“Deep into that darkness peering, long I stood there, wondering, fearing, doubting, dreaming dreams no mortal ever dared to dream before.”
~ Edgar Allen Poe
Robert Moss is a dream archeologist. I had never heard this term before until I read this book and I was intrigued. As a person who dreams on a regular basis, the world of dreaming is fascinating. It’s a world that provides opportunities to soar among birds, dive into the depths of the underworld, surf waves near the shores of Honolulu all while remaining in the safe confines of the bedroom.
But Moss doesn’t just address the idea of dreaming and their meanings or the process of active dreaming. In his book The Boy Who Died and Came Back: Adventures of a Dream Archaeologist in the Multiverse, he delves into how he got here—this place of teaching active dreaming—and illustrates his experiences through his own dreams.
When Robert Moss was three years old he was rushed to the hospital with a severe case of pneumonia and had an out of body experience. The doctor’s told his parents that he had died and came back and from that time on, Robert began having regular out of body experiences and was often ill. His family moved to a warmer climate in hopes that he wold be healthier, and it was there that he met an Aboriginal boy that validated the stories Robert told as common in the Aboriginal culture.
He died again at nine during a surgery for appendicitis, and his out of body experience this time seemed to stretch into a whole other lifetime, until he came back to the spot and place he was when it all started—in surgery.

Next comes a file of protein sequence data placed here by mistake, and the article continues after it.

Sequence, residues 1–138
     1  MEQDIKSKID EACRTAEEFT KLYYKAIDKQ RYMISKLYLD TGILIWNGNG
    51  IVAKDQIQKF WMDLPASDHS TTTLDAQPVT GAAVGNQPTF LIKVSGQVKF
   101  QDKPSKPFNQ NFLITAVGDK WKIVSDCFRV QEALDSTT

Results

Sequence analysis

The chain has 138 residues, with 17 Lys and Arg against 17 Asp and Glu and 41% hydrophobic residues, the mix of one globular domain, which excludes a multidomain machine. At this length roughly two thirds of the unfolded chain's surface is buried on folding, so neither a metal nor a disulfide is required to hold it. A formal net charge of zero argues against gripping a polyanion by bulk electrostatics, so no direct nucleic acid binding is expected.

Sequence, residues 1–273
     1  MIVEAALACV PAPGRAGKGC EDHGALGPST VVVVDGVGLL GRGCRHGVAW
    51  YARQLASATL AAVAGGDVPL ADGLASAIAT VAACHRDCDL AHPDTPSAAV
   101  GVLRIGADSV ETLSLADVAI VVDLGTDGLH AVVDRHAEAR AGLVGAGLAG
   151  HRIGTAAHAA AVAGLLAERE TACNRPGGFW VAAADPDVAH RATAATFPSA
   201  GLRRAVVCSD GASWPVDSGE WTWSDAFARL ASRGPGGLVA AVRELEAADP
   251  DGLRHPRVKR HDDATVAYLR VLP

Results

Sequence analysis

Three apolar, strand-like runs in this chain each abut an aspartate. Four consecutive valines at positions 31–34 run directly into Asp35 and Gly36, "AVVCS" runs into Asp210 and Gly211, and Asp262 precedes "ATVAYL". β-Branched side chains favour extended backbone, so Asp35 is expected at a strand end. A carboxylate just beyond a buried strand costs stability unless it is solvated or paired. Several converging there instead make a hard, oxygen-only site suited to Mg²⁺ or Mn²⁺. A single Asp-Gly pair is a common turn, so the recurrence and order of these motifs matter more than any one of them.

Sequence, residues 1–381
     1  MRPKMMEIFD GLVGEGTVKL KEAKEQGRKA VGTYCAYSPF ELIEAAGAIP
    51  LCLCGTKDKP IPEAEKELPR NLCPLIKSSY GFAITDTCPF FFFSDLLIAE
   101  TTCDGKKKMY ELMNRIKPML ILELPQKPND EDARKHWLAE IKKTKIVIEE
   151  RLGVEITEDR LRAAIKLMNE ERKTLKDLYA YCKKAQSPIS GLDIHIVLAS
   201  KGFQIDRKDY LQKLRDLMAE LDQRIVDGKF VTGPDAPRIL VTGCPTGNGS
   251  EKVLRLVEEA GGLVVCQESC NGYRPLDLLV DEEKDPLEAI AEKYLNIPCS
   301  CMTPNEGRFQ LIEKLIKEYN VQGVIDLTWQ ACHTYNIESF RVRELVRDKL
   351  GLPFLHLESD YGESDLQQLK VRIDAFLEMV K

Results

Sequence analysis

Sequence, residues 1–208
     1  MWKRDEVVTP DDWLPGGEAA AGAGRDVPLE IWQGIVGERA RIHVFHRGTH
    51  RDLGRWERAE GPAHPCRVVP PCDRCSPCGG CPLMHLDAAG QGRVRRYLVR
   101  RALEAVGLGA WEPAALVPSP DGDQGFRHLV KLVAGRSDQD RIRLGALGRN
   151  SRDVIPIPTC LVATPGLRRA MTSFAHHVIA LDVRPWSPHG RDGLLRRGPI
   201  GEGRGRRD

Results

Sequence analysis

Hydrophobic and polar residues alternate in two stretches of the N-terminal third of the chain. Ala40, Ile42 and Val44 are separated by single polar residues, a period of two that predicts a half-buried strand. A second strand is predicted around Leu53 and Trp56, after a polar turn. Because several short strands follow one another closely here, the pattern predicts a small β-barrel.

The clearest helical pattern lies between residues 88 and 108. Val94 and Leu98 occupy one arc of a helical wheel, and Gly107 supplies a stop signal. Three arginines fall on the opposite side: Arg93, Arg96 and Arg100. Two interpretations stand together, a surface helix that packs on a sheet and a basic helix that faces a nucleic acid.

These experiences opened worlds of dreaming to Robert that were not like typical dreams, and he began exploring them into adulthood. He found he could be transported to the past and meet and socialize with characters there and then later find proof of their former existence. He discovered that his dreams could warn him of impending events, which were not always crystal clear but gave clues that he kept track of in his dream journal.
This story is a story of a remarkable event by a remarkable person who uses this knowledge to show others how to harness the power of dreaming. The book is broken into sections. The first couple describe Moss’s history and how he got to this extraordinary place, the next few lead the reader into his adulthood and portray his path of sharing this ability with others. The last section of the book he is not only leading workshops and authoring books on the subject, but exploring his own dreams in an even deeper context.
I had a difficult time reading this book quickly. I’m not sure if it was Moss’s lyrical style or the subject matter, but almost every time I found myself drifting to sleep while reading it. It didn’t matter if I was in bed or sitting in a parked car waiting for my son to come out from school, I would be partway through a passage and find my eyes getting heavy and an uncontrollable urge to fall into my own dream-filled slumber.
This book is for those that dream, those that ache to dream and those that are drawn to the other side.
Note: elephantjournal.com received this book free, in return for a guarantee that we would review said offering. That said, we say what we want—good and bad, happy and sad.
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Editor: Jenna Penielle Lyons
Photo Credit: Author’s website